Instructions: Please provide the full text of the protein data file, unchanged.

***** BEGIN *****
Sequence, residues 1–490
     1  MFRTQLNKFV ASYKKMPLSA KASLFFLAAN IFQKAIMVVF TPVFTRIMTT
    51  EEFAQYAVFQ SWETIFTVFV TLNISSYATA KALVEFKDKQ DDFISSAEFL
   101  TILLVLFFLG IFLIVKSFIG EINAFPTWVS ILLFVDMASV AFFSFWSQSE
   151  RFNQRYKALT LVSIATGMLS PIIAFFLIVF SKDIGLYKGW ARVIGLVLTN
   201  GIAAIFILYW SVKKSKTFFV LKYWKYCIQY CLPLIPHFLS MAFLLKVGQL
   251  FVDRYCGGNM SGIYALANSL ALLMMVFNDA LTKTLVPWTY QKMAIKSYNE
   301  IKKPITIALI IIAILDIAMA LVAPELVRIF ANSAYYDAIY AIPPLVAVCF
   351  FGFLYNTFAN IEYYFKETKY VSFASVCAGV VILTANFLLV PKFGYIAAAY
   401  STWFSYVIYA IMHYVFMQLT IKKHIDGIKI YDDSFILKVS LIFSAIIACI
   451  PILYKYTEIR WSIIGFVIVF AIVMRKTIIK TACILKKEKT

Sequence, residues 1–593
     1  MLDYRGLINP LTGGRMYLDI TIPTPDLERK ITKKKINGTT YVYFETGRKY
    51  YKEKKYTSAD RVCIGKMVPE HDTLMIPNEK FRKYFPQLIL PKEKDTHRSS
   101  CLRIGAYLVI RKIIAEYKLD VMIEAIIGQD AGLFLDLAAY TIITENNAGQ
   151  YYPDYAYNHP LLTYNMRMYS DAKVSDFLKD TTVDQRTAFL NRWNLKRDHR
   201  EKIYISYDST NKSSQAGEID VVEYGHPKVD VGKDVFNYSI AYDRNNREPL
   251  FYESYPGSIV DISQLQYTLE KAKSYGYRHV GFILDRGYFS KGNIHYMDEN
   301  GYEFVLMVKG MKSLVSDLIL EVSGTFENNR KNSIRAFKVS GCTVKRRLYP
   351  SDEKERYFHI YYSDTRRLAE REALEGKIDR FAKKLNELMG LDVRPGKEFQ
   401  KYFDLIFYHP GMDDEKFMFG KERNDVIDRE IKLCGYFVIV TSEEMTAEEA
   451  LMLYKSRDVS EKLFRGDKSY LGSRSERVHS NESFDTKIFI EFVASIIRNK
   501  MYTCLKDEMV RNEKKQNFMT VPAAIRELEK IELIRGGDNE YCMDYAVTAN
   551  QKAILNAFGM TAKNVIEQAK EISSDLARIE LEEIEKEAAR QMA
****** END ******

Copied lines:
Sequence, residues 1–490
     1  MFRTQLNKFV ASYKKMPLSA KASLFFLAAN IFQKAIMVVF TPVFTRIMTT
    51  EEFAQYAVFQ SWETIFTVFV TLNISSYATA KALVEFKDKQ DDFISSAEFL
   101  TILLVLFFLG IFLIVKSFIG EINAFPTWVS ILLFVDMASV AFFSFWSQSE
   151  RFNQRYKALT LVSIATGMLS PIIAFFLIVF SKDIGLYKGW ARVIGLVLTN
   201  GIAAIFILYW SVKKSKTFFV LKYWKYCIQY CLPLIPHFLS MAFLLKVGQL
   251  FVDRYCGGNM SGIYALANSL ALLMMVFNDA LTKTLVPWTY QKMAIKSYNE
   301  IKKPITIALI IIAILDIAMA LVAPELVRIF ANSAYYDAIY AIPPLVAVCF
   351  FGFLYNTFAN IEYYFKETKY VSFASVCAGV VILTANFLLV PKFGYIAAAY
   401  STWFSYVIYA IMHYVFMQLT IKKHIDGIKI YDDSFILKVS LIFSAIIACI
   451  PILYKYTEIR WSIIGFVIVF AIVMRKTIIK TACILKKEKT

Sequence, residues 1–593
     1  MLDYRGLINP LTGGRMYLDI TIPTPDLERK ITKKKINGTT YVYFETGRKY
    51  YKEKKYTSAD RVCIGKMVPE HDTLMIPNEK FRKYFPQLIL PKEKDTHRSS
   101  CLRIGAYLVI RKIIAEYKLD VMIEAIIGQD AGLFLDLAAY TIITENNAGQ
   151  YYPDYAYNHP LLTYNMRMYS DAKVSDFLKD TTVDQRTAFL NRWNLKRDHR
   201  EKIYISYDST NKSSQAGEID VVEYGHPKVD VGKDVFNYSI AYDRNNREPL
   251  FYESYPGSIV DISQLQYTLE KAKSYGYRHV GFILDRGYFS KGNIHYMDEN
   301  GYEFVLMVKG MKSLVSDLIL EVSGTFENNR KNSIRAFKVS GCTVKRRLYP
   351  SDEKERYFHI YYSDTRRLAE REALEGKIDR FAKKLNELMG LDVRPGKEFQ
   401  KYFDLIFYHP GMDDEKFMFG KERNDVIDRE IKLCGYFVIV TSEEMTAEEA
   451  LMLYKSRDVS EKLFRGDKSY LGSRSERVHS NESFDTKIFI EFVASIIRNK
   501  MYTCLKDEMV RNEKKQNFMT VPAAIRELEK IELIRGGDNE YCMDYAVTAN
   551  QKAILNAFGM TAKNVIEQAK EISSDLARIE LEEIEKEAAR QMA